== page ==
Bay of Plenty leaders told to declare climate change emergency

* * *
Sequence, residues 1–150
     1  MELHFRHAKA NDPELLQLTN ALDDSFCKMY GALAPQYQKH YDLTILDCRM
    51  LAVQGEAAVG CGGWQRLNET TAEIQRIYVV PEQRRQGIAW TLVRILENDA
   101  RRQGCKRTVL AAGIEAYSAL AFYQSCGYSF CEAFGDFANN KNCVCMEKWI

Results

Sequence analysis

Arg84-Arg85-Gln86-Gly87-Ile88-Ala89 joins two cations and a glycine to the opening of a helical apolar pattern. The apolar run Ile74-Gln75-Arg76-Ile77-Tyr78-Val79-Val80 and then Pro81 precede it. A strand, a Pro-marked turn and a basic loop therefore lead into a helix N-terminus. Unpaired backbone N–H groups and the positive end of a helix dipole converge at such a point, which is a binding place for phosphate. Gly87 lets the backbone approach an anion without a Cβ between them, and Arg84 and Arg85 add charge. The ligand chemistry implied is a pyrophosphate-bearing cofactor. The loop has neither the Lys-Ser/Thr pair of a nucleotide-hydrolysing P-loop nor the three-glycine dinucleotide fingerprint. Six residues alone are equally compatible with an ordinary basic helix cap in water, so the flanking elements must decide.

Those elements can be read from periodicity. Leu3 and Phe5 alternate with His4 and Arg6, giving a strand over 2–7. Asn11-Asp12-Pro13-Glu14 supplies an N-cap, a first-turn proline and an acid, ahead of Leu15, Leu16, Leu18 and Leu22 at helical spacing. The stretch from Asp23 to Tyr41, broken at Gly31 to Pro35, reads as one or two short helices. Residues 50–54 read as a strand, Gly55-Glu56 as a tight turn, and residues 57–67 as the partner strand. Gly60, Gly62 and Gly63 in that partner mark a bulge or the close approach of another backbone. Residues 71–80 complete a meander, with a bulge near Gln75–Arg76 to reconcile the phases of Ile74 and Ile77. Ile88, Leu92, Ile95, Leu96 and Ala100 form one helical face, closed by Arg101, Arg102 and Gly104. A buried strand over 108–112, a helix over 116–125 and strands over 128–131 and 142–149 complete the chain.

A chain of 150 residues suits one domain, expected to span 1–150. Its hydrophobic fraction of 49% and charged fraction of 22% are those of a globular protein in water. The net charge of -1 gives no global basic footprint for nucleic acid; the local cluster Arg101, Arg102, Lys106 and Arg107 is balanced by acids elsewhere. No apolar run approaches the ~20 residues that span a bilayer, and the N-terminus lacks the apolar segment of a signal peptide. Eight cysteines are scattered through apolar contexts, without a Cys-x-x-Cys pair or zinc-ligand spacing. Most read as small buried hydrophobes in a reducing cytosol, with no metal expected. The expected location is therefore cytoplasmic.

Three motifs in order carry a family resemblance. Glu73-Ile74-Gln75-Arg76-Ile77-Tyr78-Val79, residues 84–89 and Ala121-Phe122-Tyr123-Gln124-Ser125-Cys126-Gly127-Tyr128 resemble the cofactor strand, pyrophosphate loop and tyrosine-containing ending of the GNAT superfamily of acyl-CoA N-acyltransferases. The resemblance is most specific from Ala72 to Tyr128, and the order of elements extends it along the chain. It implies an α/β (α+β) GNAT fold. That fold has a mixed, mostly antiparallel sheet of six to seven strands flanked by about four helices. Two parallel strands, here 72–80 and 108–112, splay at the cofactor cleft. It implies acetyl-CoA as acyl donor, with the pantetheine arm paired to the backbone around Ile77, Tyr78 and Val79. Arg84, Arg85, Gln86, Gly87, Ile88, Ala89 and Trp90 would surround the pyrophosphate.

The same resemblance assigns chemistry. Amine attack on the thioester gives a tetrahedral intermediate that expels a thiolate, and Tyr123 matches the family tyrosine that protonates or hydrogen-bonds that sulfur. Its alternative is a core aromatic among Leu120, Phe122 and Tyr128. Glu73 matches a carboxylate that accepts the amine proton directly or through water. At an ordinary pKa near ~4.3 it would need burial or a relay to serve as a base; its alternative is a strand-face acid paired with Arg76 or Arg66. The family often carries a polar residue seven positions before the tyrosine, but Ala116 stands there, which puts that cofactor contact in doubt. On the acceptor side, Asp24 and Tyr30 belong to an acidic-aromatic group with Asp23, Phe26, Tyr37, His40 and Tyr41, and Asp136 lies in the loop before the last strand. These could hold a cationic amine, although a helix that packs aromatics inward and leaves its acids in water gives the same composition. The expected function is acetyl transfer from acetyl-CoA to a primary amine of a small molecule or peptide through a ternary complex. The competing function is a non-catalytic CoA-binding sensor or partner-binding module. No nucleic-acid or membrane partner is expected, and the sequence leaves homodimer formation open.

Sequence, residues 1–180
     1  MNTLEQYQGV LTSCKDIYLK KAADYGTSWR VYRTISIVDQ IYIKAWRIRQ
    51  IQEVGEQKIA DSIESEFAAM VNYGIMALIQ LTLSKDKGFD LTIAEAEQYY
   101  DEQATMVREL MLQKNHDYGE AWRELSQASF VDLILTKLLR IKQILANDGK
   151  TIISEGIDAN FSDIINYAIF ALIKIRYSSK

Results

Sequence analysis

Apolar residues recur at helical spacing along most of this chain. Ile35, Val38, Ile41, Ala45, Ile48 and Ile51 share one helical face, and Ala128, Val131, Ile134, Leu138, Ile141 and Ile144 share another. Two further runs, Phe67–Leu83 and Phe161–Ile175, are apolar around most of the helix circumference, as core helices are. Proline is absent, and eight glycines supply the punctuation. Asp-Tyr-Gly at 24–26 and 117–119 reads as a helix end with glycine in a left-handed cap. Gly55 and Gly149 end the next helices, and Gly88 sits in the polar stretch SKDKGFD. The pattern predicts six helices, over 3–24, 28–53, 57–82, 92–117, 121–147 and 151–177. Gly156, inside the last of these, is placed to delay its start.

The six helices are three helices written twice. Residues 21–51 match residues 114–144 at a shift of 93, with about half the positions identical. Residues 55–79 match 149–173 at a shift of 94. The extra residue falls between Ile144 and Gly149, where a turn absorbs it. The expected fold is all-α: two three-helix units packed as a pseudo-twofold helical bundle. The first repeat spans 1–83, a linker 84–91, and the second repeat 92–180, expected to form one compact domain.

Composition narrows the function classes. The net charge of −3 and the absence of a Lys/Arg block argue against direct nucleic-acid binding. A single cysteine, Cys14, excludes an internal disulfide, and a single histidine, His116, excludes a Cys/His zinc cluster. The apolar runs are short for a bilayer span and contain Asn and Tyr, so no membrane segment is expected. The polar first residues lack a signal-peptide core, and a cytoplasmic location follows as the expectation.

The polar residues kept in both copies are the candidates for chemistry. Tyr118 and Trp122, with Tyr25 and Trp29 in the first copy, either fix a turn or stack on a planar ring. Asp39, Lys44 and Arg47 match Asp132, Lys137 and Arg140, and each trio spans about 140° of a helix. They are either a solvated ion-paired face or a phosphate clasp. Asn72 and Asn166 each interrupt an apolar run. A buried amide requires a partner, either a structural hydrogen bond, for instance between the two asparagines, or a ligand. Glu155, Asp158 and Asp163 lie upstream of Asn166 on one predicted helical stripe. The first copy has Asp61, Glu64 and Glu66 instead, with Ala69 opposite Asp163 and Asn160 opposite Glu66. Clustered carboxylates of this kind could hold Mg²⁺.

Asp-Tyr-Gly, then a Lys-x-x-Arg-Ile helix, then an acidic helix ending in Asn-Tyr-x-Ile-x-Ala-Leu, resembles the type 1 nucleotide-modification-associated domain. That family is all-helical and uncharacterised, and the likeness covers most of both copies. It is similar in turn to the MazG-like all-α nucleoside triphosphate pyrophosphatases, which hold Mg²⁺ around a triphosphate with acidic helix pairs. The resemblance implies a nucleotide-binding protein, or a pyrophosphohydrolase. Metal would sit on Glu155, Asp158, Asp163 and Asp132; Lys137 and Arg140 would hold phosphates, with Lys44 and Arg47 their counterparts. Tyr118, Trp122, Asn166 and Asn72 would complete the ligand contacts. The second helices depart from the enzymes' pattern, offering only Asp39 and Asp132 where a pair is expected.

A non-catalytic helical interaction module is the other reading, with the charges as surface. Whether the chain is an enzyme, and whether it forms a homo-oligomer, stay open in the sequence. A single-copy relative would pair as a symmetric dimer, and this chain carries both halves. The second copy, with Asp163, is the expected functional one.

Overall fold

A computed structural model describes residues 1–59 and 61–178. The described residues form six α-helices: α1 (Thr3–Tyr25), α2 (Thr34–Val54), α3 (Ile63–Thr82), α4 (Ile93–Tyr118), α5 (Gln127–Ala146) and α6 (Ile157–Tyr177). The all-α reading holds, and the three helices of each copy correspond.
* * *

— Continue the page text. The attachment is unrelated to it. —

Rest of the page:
The time is now to act on climate change, Bay of Plenty leaders told. Photo / File Bay of Plenty Regional councillors received a standing ovation from community members after deciding to recommend the council declares a climate emergency. A regional council committee today voted in support of declaring the climate emergency in what was, at times, an emotional meeting in Tauranga this morning. Councillor Jane Nees was moved to tears as she implored her fellow councillors to vote for the recommendation, which would enforce the regional council to act on reducing carbon emissions and addressing other climate change threats. "For me, this is the most important issue we've dealt with," she said. "I'm sorry if I get emotional. This is about our future, our children's future. I think this is something that we need to do as a regional council to show leadership to our whole community. We can see there's huge support from the community." Applause broke out from the packed public gallery to Nees' comments, and support of the recommendation. The council voted 9-3 for the recommendation. Councillors Kevin Winters, Norm Bruning and Andrew von Dadelszen opposed the move, expressing concern at the use of the word emergency. The decision followed public submissions in which councillors were told now was the time to act. It was standing room only at the regional direction and delivery committee meeting at the regional council's 1st Ave offices this morning . The regional council commissioned the Sustainable Business Network to investigate what the Bay of Plenty needs to do to work towards lowering the district's carbon emissions and address climate change related issues. Sustainable Business Network's Glen Crowther told the room the region could not afford to wait before doing anything. "The time is now," he said. Crowther said there had been concerns from businesses declaring a climate change emergency would mean legislation telling them what they can and cannot do. "It's not about that at all. It's about enabling long-term sustainability for businesses in this country. "I know some people may be curious as to whether 'emergency' is an appropriate word. The key thing is that this is serious. It's dangerous and does require immediate action. We can't wait. They [scientists] are saying we can't wait even a year or two." Transport in the Western Bay of Plenty and Tauranga was responsible for two-thirds of the Western Bay's carbon emissions. Crowther said this level needed to drop by at least a third. A significant way to do this would be to allow free bus transport for all the Bay of Plenty children. "Show you can have a good social outcome. It's not that expensive. It's $147,000 a year - cheap as chips." "I used to get beaten, kicked, whipped, threatened with a machete ..."